In Abigail Adams’ letter written in January 1780 to her son, John Quincy Adams, she asserts that John Quincy Adams should recognize the benefits of the voyage he had taken with father, John Adams, and his brother. In order to persuade him that the voyage will allow him to grow as an individual and to motivate him to achieve his fullest potential, Abigail Adams addresses John Quincy Adams with a sincere and thoughtful tone and uses various rhetorical strategies, such as allusions and metaphors.
Abigail Adams depicts a sincere and thoughtful tone for John Quincy Adams to adhere to her words of encouragement. She begins the letter with, “I hope to see you have had no occasion, either from enemies or the dangers of the sea” (lines 1-3). She hopes that John Quincy Adams has had a safe travel thus far, which indicates her concerns for his well-being. With the role as a mother, she deeply cares for John Quincy Adams and always wishes the best for him. The sincerity portrayed from this builds her ethos because mothers often know what is best for their children. Since her credibility is strengthened, her letter becomes more persuasive to John Quincy Adams because it shows that she urged him to go on the voyage out of her best intentions.
In addition to expressing a thoughtful tone, Abigail Adams uses a metaphor to motivate John Quincy Adams to actively engage in the voyage as well. By incorporating a comparison of a “judicious traveller to a river” (lines 16-17) into her letter, Abigail Adams conveys that as John Quincy Adam travels, he will strengthen as an individual, similarly to how a stream will strengthen its flows as it travels at a greater distance. This builds logic because the purpose of going on the voyage is to allow him to gain more experience and knowledge. By defining the benefits he will receive, Abigail Adams hopes that it will incline John Quincy Adams to earnestly participate in the voyage and prosper.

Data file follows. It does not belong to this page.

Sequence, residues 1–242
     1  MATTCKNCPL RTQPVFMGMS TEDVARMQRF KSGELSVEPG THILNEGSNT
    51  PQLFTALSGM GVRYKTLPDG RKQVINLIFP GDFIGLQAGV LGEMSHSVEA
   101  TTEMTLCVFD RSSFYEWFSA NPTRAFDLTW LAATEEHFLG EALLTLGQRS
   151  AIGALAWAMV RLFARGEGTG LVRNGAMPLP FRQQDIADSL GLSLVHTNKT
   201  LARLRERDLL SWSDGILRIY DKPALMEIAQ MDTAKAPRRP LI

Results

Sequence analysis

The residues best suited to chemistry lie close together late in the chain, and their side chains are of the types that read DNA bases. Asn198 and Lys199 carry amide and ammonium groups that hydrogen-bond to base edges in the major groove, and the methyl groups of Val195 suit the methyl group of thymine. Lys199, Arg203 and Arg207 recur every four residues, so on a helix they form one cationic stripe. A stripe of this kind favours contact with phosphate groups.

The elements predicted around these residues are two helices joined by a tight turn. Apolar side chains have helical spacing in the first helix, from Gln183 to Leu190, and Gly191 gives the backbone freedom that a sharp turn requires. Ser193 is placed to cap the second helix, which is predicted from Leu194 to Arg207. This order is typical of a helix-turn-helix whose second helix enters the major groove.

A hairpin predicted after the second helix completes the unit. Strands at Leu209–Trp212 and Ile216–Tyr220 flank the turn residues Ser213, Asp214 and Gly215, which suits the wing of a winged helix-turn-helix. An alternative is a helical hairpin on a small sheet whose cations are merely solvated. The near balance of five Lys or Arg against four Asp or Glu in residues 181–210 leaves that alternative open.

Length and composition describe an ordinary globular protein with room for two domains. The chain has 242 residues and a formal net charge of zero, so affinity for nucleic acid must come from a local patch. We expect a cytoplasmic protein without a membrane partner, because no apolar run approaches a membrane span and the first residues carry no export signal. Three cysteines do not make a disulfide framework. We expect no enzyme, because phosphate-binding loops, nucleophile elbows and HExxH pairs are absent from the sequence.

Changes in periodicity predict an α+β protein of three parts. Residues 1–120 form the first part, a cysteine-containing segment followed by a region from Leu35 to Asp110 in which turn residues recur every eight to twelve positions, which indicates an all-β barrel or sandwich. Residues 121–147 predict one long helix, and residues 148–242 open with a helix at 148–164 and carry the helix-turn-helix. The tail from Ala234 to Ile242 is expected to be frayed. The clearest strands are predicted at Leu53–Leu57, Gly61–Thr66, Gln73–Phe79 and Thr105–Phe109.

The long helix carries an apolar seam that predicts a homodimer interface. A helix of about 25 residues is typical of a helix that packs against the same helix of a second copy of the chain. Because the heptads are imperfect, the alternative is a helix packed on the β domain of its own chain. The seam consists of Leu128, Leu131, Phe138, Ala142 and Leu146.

Abigail Adam also uses allusion to strengthen her overall argument. The author alludes to Julius Caesar by asking, “Would Cicero have shone so distinguished as an orator if he had not been roused, kindled, and inflamed by the tyranny Catiline, Verres, and Mark Antony?” (line 30-32). She explains that Cicero succeeded as an orator despite the challenges he had encountered. Likewise, John Quincy Adams must overcome difficulties and overlook his unwillingness in order to achieve greatness. Abigail Adams hope that he understands that hard work will lead to progress and prosperity.
Abigail Adam uses a thoughtful tone, a metaphor, and an allusion to strengthen her persuasion in hopes that John Quincy Adams will take her words of encouragement into consideration in order to strive and succeed as an individual. The sincerity enables Abigail Adams to express herself from a maternal point of view, while the metaphor and allusion build logics as they are examples that John Quincy Adams is familiar with. Abigail Adams uses this combination of rhetorical devices in hopes that her son will wholly partake in the voyage.